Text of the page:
Dirk Braeckman, V.B.-C.N.-11, 2011. Gelatin silver print mounted on aluminium, 180 x 120 cm.
The photographs of Ghent-based Dirk Braeckman (b. 1958, Eeklo, Belgium) have a distinct stillness and quietude that counter the whirl of today’s visual landscape. Images of empty, unidentifiable interiors, architectural details, oceans, and partially obscured nude figures are just some examples of the artist’s subject matter. Braeckman’s deeply gray photographs are often abstracted, contributing to the mystery and intrigue of what his images convey while adding a sense of distance to the intimate interiors and views he depicts. Rather than setting up scenes or shots, Braeckman travels with a camera and captures what he sees, including hotel rooms, museums, and vacant corridors; his approach is partly diaristic, yet because the locales are anonymous and the photographs’ titles are unclear codes, Braeckman’s work is relatable and open-ended, eschewing photography’s documentary impulse. This fluidity is intentional and meant to engage, as the artist states: “I’m not a storyteller, I’m an imagemaker. The story is made in the mind of the viewer.”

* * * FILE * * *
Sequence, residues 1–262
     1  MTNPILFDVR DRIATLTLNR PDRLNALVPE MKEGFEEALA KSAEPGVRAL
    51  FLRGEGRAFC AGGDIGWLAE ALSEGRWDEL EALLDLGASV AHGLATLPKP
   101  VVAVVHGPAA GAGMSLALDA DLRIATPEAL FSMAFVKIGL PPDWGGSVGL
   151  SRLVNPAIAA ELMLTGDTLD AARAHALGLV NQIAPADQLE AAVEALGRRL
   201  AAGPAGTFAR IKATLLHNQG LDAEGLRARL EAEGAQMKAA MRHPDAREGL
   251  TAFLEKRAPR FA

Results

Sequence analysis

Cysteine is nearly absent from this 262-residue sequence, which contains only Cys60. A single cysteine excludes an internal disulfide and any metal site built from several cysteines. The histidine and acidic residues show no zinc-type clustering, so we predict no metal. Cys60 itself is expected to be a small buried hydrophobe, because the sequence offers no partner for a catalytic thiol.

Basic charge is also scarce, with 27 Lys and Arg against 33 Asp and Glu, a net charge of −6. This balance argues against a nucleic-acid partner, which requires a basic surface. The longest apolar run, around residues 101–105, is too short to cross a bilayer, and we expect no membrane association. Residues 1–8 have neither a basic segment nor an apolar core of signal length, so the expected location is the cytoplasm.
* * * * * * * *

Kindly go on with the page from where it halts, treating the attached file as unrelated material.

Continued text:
Since the mid-1980s, Braeckman has tested the limits of photography, especially its materials and processes. Challenging the reproducibility of a photographic image, particularly in light of today’s vast dissemination of images, Braeckman creates unique prints using analogue processes and physically taxing experimental methods in the darkroom. The individuality of his images and the physical nature of his processes are evocative of painting, as is the rich tactility his unglazed photographs embody.